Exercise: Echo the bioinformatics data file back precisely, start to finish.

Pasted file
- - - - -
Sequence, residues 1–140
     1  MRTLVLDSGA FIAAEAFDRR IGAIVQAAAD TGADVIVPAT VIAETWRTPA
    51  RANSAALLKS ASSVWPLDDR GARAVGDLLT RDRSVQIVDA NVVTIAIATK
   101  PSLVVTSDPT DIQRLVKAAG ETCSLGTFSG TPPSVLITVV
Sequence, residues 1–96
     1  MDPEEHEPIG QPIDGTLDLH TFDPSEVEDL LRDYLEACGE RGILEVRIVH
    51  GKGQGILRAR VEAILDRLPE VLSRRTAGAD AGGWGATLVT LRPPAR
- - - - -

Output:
Sequence, residues 1–140
     1  MRTLVLDSGA FIAAEAFDRR IGAIVQAAAD TGADVIVPAT VIAETWRTPA
    51  RANSAALLKS ASSVWPLDDR GARAVGDLLT RDRSVQIVDA NVVTIAIATK
   101  PSLVVTSDPT DIQRLVKAAG ETCSLGTFSG TPPSVLITVV
Sequence, residues 1–96
     1  MDPEEHEPIG QPIDGTLDLH TFDPSEVEDL LRDYLEACGE RGILEVRIVH
    51  GKGQGILRAR VEAILDRLPE VLSRRTAGAD AGGWGATLVT LRPPAR